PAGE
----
seanlunsford.com

Life

Reflections on the things I’m walking through

Regeneration

For the last few years on our podcast, my friend Elias and I have chosen and discussed yearly themes, inspired by another podcast. An alternative to New Year’s resolutions, they’re basically an idea—typically phrased as “The Year of …”—intended to be a guiding principle for decisions throughout the year.

I went a bit nerdy with mine this year, landing on The Year of Regeneration—a very intentional Doctor Who reference. The word came to me while watching the first episode of the current season,[1] but it fit very well with the areas and hopes that had been coming to mind while mulling over this year’s theme. In a nutshell, I was looking to:

  • find a healthier work-rest balance; to stay on top of work but avoid crashing into recharge mode so often.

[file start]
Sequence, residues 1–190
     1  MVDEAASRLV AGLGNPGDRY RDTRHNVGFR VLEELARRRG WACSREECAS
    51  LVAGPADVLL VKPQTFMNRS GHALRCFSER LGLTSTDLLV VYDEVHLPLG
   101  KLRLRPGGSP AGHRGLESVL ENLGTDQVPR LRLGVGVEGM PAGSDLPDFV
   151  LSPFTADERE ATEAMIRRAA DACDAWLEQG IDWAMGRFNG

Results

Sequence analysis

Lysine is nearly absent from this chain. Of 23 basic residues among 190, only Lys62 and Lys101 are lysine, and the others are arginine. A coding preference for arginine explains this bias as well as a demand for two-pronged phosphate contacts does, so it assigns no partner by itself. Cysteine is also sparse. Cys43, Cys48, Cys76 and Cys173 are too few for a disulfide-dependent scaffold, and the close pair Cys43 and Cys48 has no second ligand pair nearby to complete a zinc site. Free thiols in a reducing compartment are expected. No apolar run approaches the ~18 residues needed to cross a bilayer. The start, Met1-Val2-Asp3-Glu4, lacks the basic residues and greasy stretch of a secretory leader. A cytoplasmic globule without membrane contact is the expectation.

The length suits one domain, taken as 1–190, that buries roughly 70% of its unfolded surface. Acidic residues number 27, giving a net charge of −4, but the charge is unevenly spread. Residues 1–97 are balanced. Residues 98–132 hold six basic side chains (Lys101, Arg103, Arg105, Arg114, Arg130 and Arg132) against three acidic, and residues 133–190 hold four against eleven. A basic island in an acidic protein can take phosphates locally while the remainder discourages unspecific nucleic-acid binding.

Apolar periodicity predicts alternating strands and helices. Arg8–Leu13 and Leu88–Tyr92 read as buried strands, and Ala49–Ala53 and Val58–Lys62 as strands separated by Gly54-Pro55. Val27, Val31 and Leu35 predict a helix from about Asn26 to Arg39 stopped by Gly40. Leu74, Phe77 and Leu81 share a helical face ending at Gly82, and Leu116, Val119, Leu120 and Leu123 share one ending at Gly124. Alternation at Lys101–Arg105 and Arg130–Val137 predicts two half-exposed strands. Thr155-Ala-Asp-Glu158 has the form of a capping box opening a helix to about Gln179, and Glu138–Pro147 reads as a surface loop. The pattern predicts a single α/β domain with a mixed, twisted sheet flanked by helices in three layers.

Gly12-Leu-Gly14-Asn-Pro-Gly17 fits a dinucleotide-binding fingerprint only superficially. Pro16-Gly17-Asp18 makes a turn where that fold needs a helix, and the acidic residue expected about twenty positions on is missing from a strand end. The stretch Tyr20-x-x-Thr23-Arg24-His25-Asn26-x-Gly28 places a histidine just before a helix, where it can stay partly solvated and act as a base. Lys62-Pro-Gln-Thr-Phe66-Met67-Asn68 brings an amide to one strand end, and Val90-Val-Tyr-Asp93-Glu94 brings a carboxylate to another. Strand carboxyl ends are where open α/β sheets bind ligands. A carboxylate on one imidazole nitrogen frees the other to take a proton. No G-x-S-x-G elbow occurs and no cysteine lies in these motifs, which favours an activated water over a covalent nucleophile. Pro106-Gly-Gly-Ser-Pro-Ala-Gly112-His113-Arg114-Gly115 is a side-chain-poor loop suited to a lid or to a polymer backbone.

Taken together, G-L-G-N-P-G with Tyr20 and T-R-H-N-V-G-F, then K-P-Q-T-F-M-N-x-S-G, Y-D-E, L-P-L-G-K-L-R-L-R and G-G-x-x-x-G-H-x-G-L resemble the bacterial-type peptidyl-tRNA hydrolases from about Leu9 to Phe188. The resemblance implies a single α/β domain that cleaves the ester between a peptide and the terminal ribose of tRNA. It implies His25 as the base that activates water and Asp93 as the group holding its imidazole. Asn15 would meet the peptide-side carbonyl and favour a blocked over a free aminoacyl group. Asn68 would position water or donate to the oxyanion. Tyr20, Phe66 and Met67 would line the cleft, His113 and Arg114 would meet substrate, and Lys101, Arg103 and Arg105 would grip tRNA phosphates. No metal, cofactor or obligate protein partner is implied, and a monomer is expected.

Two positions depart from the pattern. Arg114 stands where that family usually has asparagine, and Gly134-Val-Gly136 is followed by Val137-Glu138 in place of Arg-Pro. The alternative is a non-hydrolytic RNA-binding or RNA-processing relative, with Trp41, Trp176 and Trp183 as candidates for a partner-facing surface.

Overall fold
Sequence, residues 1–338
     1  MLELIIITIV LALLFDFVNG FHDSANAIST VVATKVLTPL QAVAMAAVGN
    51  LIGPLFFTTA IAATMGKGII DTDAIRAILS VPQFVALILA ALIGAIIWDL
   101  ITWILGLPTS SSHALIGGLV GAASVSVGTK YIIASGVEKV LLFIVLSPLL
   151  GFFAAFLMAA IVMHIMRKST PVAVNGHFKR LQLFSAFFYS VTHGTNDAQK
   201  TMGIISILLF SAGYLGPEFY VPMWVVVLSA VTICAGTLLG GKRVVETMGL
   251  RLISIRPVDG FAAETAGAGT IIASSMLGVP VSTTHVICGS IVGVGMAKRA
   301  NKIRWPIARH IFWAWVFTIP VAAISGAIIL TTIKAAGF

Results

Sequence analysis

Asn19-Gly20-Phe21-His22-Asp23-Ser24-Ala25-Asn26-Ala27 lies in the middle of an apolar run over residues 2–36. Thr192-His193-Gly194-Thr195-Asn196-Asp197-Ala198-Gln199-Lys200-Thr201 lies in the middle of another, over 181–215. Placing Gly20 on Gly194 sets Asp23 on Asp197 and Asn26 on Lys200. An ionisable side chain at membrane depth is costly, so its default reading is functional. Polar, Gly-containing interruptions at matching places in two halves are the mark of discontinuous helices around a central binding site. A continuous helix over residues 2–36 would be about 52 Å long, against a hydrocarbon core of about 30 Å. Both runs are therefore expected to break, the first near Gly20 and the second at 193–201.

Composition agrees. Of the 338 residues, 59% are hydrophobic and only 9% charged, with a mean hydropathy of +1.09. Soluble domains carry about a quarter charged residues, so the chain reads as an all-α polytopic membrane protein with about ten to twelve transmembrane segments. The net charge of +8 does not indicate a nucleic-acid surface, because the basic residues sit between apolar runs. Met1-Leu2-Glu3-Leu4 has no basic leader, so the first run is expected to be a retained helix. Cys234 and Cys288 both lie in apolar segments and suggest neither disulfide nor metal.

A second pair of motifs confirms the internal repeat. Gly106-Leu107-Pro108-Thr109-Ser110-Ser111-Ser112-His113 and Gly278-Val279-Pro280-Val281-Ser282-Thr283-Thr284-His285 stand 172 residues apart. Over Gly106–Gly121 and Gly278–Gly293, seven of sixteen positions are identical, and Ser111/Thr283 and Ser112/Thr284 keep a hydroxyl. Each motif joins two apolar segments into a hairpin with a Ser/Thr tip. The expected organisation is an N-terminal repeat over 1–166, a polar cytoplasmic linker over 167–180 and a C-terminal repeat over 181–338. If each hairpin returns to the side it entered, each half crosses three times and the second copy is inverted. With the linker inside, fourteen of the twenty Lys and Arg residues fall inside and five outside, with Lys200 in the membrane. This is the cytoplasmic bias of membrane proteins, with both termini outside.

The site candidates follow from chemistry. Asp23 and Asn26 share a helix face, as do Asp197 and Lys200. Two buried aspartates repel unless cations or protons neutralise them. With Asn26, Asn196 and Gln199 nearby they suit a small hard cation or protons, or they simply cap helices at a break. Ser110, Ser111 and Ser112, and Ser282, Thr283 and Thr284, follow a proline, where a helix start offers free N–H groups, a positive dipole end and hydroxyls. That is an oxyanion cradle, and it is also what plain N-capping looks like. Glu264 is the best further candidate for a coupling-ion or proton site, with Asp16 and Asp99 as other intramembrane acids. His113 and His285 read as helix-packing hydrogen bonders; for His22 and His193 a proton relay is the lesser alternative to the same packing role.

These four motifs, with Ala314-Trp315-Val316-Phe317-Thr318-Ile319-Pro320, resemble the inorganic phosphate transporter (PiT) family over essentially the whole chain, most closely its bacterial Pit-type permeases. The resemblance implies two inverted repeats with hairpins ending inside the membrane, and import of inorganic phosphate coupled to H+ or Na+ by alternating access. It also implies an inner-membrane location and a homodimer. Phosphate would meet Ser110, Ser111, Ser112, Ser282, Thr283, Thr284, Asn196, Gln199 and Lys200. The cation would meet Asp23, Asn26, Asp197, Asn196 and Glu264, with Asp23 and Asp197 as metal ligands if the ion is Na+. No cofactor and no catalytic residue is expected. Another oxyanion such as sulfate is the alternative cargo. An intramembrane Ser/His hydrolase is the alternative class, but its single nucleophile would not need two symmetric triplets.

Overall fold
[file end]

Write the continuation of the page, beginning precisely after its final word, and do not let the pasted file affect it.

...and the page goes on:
• maintain and build on the spiritual disciplines that I had started picking up again towards the end of last year—and, having started to sense the beginnings of some spiritual renewal, to do so expectantly.

But in the weeks since picking this word, I’ve come to realize that, as only God can pull off, it’s shaping up to have far more meaning than I was even anticipating.

My church itself seems to also be in the early stages of some sort of renewal. Many in the leadership and the congregation have roles to play in that, but in the last couple months two of mine have solidified. One is taking a seat on the church council, at the request of multiple people, who said they would appreciate my perspective in the council’s discussions and decisions. The other is helping to spearhead the launch of a young adults’ ministry of sorts, building on the organic group that has taken shape since August or so. With these two things—on top of the fruit I’ve seen in my other roles at this church[2]—I had a real sense of calling wash over me during a conversation about all this with my girlfriend a few weeks ago. In a moment, I felt very clearly that I’m meant to be here, right now, for these purposes. And I believe that the regeneration of this church and my own are bound up together. I have this part to play in the church’s, and that in turn will contribute to mine.